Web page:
Indonesia bucks downward trend

Argo Bromo Anggrek, a long-distance passenger train serving Jakarta to Surabaya route. Indonesia’s infrastructural investment is boosting the economy. Source: Wikimedia

A new confidence in Asean’s largest economy is attracting attention with growth that is bucking the downward trends across the continent.

Indonesia’s benchmark index has so far this year gained 4.8 per cent, and 9.7 per cent in dollar terms, taking it among the top 10 global performers. The gains come as East Asian stocks have in general been performing poorly because of fears about China.

Indonesia’s gains follow a turbulent year, when falling commodity prices slowed growth to below 5 per cent in the resource-rich economy and groups struggled with a weak currency. Now it seems President Joko “Jokowi” Widodo has been able to consolidate support for promised financial reforms that could boost growth, say observers.

“People think that stuff is going to get done and that will lift growth,” said David Mann, chief economist for Asia at Standard Chartered. “Across the region, countries that look like they’re getting better at doing what they said they’d do are getting noticed.”

“Indonesia for 2016 could turn out to be the story India was supposed [to be] in 2015,” says Herald van der Linde, an HSBC equity strategist.

The MSCI Asia index, excluding Japan, is down 4 per cent for the year, as are global developed world stocks, compared with a 1-per-cent drop for global emerging markets.

Thailand, up 9 per cent in dollar terms, is another country where investors are increasing their forecasts for growth. Meanwhile, Singapore, which is often used a proxy for Asean’s overall market confidence, is down 1.2 per cent.

Jakarta has recently introduced a series of stimulus packages, cutting bureaucratic hurdles and invested in infrastructural schemes. The major construction projects are creating unskilled jobs, increasing consumer demand.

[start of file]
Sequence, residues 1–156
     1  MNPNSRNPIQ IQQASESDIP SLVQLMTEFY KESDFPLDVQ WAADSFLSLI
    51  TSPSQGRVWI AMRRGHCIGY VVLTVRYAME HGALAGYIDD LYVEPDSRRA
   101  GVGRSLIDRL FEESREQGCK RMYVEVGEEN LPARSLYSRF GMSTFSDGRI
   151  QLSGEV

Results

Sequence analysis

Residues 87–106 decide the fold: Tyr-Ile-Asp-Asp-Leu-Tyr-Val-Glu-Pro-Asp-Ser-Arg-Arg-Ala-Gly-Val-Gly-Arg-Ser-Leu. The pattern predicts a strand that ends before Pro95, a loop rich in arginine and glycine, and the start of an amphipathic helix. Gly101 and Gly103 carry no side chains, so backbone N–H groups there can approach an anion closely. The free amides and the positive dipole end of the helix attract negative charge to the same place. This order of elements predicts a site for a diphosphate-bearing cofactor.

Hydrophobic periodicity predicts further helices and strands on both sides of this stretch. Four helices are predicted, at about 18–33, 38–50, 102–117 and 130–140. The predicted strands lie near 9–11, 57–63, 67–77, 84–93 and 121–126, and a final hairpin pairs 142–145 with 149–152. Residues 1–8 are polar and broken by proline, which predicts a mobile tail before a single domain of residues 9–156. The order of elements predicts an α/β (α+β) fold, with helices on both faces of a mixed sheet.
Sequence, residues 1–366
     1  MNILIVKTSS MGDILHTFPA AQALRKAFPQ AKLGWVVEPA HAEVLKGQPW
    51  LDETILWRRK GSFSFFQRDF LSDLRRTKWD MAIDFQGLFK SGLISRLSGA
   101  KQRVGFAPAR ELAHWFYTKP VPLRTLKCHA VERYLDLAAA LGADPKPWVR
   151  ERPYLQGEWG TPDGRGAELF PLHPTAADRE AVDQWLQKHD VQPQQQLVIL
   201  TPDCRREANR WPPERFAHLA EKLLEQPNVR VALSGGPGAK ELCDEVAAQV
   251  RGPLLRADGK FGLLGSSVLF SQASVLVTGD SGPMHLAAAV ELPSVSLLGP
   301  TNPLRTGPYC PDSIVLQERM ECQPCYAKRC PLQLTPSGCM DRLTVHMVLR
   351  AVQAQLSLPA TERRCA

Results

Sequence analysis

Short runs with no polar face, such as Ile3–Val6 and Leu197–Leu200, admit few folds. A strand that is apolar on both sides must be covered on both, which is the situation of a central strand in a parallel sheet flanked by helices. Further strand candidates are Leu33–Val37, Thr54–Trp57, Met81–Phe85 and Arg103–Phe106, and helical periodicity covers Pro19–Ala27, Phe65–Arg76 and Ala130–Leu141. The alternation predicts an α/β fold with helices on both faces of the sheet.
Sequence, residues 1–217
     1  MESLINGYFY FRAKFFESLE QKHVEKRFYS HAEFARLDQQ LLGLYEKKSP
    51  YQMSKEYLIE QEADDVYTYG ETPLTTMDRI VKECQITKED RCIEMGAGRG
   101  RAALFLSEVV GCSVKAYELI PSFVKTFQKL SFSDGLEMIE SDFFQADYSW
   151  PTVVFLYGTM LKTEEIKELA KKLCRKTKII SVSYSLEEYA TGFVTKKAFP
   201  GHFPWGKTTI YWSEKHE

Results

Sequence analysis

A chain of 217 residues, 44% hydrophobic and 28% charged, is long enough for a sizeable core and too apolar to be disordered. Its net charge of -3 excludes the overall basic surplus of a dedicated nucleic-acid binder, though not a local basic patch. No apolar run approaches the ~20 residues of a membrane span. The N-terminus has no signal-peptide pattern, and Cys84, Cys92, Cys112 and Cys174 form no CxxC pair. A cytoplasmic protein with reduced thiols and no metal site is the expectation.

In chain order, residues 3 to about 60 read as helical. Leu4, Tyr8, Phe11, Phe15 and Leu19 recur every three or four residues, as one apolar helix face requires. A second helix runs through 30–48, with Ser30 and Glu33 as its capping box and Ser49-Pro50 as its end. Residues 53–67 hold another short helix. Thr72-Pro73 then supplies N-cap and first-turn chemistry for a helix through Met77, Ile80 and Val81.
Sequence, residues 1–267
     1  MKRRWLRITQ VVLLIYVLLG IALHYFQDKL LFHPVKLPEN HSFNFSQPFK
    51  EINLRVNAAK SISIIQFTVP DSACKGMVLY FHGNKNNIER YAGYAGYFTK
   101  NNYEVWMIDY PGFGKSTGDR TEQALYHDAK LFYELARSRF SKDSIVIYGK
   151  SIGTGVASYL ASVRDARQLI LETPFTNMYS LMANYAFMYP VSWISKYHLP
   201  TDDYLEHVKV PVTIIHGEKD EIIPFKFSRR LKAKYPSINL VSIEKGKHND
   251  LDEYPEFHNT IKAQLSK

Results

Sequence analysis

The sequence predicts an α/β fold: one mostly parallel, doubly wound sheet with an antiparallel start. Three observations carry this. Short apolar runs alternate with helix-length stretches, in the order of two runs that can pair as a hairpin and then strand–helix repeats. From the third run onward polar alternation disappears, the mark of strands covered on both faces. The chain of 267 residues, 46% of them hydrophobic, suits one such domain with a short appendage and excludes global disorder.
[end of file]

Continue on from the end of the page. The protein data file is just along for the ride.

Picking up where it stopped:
With four million daily commuters, Jakarta has three transport schemes at various stages of development.

There is the US$1.5-billion underground Jakarta Mass Rapid Transport funded by the city government, with the first line due for completion in 2018.

The US$900-million monorail Jakarta Light Rapid Transport (LRT) is being funded by central government. Then there is the proposed LRT airport link to be funded by private investment.

A 7.3-per-cent rise in public spending boosted growth to just above 5 per cent in the past quarter.

“Everyone is bullish on Indonesia now,” says Jahanzeb Naseer at Credit Suisse. “What has changed since last year is that government spending has improved quite a lot and that’s provided a fillip to growth.”

Harry Su, head of research at Bahana Securities, Indonesia’s brokerage, said: “You need to go mass market as far as tactics go in Indonesia because that’s where Jokowi’s going. Jokowi is heading to provide a lot of support for people in the low end through job creation, through infrastructure projects.”

Among the best performing stocks this year is HM Sampoerna, an affiliate of Philip Morris, which has rose 15 per cent since the beginning of 2016 to Rp105,500 (US$1,569), while Indofood, which produces instant noodles among other popular snacks, has gained 34 per cent to Rp7,350.